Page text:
Kool Savas, Xavier Naidoo under attack: Hidden track leads to outrage in Germany

It’s not only beer brewing in Germany these days. No, sir. Something far more controversial has been fermenting over the past days. Two of Germany’s most popular singer/musicians – rapper Kool Savas and soul singer Xavier Naidoo – have been making headlines for their collaborative CD creatively titled Xavas. It isn’t the tracks listed on the CD that are causing a stir, but rather a hidden track titled ‘wo sind’ – not listed on the CD – that has led the men in being accused of inhumanity, race-baiting, glorifying violence, as well as relating homosexuality to pedophilia. It seems these boys like a good ole’ foamy controversy-ladened concoction…or do they?

Upon the highly publicized release of their CD, the youth organization of the left party (die Jugendorganisation der Linkspartei) – die Linksjugend Solid – complained to the police about the song and its seemingly disturbing and offensive content.

So what is it about the song that is offensive? Here’s a graphic, yet examplatory sample from the song’s text:
“I’ll cut you all in the arms and legs and [explitive] in the ass just like you do to the little ones. I am only sorry, not mad. Nonetheless I would kill you all. You all kill kids and fetuses and I will squash your balls. You all simply have no length and your small dicks aren’t in hand. Why do you not like pussy? Because everyone comes out of one.”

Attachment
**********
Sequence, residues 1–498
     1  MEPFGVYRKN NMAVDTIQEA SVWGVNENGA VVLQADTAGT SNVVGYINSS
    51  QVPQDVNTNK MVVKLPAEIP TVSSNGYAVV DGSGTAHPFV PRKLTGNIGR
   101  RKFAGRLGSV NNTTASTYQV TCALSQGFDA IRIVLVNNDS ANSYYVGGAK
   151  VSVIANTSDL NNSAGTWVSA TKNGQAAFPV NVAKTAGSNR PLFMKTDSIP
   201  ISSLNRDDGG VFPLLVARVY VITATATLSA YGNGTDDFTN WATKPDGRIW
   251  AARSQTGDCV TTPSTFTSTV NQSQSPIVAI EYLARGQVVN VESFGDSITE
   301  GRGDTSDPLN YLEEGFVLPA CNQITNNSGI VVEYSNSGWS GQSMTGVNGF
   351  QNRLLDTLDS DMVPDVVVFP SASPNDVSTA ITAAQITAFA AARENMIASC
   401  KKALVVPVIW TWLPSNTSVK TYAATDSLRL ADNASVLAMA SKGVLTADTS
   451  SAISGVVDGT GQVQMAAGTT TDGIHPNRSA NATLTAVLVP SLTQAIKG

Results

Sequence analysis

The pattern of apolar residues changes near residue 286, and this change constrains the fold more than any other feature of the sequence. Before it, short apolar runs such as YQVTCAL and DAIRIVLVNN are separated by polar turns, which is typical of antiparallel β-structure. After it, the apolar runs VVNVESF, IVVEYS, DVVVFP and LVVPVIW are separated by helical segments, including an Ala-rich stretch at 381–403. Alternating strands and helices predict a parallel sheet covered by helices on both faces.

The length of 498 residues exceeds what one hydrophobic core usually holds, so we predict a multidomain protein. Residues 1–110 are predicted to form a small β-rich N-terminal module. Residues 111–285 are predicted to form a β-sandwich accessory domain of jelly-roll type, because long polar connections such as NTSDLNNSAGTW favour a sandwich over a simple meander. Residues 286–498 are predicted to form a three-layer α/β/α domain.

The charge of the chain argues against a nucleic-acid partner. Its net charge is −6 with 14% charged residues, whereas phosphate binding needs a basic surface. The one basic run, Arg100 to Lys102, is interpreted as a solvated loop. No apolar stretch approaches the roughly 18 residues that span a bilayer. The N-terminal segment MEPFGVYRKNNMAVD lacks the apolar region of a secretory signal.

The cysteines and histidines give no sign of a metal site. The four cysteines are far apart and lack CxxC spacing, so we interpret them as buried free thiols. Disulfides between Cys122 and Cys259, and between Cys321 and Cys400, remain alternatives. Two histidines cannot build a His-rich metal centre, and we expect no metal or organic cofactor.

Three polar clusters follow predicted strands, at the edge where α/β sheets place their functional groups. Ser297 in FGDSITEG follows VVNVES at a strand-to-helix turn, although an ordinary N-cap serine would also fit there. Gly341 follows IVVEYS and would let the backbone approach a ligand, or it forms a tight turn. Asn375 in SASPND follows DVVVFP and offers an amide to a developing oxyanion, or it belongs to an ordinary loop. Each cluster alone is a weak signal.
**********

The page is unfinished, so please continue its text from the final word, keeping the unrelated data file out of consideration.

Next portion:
The song goes on to ask questions such as “where are our helpers? Our strong men? Where are our leaders (using the controversial, Adolf Hitler provoking word ‘Führer’)? Where are they now?” This, of course, in the utilization of the word ‘Führer’ is a controversy all on its own..

There is no denying these lyrics are over-the-top and vulgar. Here are some Tweets:

Dieser Hidden-Track “Wo sind” von XAVAS ist echt Heavy von den Lyrics her O.o


Wieso zur Hölle lädt man Kool Savas auf ein Benefizkonzert zugunsten von Kindern ein? #battlerap http://tinyurl.com/awat2fb


.@Kraftklub voten wohl nicht für Xavashttp://ow.ly/floYx  #krone12 Voting:http://ow.ly/flp9R 


Just to be fair, here are some more positive tweets:

It’s a Xavier Naidoo kind of day… http://ow.ly/ff5sI 

I don’t listen to Xavas but thankful for their facebook post supporting the LGBT community. Glad Xavier shows that side of Christianity.

Despite this heaviness and vulgarity, and quite frankly the unnecessary images their text provokes, I do stand on the side of Xavier Naidoo and Kool Savas and believe what they have to say about their song.